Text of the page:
bitmap - external format for bitmaps
Bitmaps are described in graphics(2). Fonts and bitmaps are stored in external files in
Bitmap files are read and written using rdbitmapfile and wrbitmapfile (see balloc(2)). A
bitmap file starts with 5 decimal strings: ldepth, r.min.x, r.min.y, r.max.x, and r.max.y.
Each number is right-justified and blank padded in 11 characters, followed by a blank.
The rest of the file contains the r.max.y-r.min.y rows of bitmap data. A row consists of
the byte containing pixel r.min.x and all the bytes up to and including the byte contain-
ing pixel r.max.x-1. A pixel with x-coordinate = x in a bitmap with ldepth = ld will
appear as w = 2^ld contiguous bits in a byte, with the pixel's high order bit starting at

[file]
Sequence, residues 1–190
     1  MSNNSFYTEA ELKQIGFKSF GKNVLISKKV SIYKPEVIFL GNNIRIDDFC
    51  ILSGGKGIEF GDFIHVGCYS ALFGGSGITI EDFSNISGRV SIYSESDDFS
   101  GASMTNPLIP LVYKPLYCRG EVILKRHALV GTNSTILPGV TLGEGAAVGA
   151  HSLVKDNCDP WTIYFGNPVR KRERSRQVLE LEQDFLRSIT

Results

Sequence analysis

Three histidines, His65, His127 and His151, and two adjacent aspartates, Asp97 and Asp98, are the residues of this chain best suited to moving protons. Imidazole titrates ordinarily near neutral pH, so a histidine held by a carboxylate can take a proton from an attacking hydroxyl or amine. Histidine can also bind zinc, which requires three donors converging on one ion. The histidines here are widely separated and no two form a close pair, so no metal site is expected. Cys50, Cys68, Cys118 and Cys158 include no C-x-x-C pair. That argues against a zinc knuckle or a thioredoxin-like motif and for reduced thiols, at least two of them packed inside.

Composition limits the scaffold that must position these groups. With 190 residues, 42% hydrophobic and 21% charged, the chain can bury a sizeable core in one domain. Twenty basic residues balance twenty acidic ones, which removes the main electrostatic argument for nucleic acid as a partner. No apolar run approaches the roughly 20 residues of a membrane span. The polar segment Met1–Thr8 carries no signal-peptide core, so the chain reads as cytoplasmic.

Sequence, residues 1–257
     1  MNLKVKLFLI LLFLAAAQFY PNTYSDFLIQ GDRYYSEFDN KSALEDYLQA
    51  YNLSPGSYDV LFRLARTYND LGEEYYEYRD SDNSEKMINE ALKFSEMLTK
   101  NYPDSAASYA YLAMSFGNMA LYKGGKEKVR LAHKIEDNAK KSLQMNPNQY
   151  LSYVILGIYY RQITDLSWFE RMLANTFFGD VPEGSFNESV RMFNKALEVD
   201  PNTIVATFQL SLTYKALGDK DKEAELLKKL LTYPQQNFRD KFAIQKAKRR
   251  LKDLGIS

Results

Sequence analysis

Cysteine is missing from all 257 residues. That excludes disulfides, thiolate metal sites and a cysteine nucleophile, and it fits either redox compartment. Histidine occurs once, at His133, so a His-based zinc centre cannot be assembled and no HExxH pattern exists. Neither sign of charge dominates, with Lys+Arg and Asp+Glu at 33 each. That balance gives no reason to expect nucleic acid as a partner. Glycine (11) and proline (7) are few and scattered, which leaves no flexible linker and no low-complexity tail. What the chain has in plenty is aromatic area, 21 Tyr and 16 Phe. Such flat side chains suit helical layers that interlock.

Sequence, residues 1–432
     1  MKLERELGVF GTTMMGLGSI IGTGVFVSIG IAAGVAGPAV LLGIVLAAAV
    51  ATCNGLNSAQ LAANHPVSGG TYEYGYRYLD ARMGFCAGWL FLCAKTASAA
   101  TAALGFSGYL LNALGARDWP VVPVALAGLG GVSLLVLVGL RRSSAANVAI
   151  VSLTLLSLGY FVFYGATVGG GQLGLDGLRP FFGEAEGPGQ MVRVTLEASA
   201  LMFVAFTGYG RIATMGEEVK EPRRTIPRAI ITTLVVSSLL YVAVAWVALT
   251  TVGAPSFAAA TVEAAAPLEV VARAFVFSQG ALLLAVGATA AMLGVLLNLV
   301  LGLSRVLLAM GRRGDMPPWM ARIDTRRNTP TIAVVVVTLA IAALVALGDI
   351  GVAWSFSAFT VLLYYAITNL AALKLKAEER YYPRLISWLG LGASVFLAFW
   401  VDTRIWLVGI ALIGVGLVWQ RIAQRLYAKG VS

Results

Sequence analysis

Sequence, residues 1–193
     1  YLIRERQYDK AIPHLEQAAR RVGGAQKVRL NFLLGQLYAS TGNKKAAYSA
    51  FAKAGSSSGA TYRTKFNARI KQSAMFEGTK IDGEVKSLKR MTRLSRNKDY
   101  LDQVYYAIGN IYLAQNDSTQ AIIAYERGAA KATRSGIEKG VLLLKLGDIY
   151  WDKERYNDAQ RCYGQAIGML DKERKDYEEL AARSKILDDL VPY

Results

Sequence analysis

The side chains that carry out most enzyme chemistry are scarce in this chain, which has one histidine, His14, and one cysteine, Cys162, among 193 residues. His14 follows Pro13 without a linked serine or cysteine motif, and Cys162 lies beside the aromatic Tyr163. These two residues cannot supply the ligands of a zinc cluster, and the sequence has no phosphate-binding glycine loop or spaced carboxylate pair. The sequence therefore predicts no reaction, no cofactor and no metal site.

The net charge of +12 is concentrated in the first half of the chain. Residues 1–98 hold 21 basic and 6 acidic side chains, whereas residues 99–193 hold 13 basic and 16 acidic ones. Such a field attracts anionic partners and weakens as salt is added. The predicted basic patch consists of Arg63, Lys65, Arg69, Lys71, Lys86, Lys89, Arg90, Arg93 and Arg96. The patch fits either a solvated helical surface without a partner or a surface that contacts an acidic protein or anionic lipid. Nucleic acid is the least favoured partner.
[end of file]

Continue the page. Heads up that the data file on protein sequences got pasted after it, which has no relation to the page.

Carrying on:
the byte's bit number w*(x mod (8/w)), where bits within a byte are numbered 0 to 7 from
the high order to the low order bit. If w is greater than 8, it is a multiple of 8, so
pixel values take up an integral number of bytes. Rows contain integral number of bytes,
so there may be some unused pixels at either end of a row.
The rdbitmap and wrbitmap functions described in balloc(2) also deal with rows in this
format, stored in user memory.
Some small images, in particular 48x48 face files as used by seemail (see mail(1)) and
16x16 cursors, can be stored textually, suitable for inclusion in C source. Each line of
text represents one scan line as a comma-separated sequence of hexadecimal bytes, shorts,
or words in C format. For cursors, each line defines a pair of bytes. (It takes two
images to define a cursor; each must be stored separately to be processed by programs such
as tweak(1).) Face files of one bit per pixel are stored as a sequence of shorts, those
of larger pixel sizes as a sequence of longs. Software that reads these files must deduce
the image size from the input; there is no header. These formats reflect history rather
tweak(1), graphics(2), bitblt(2), balloc(2), face(6), font(6)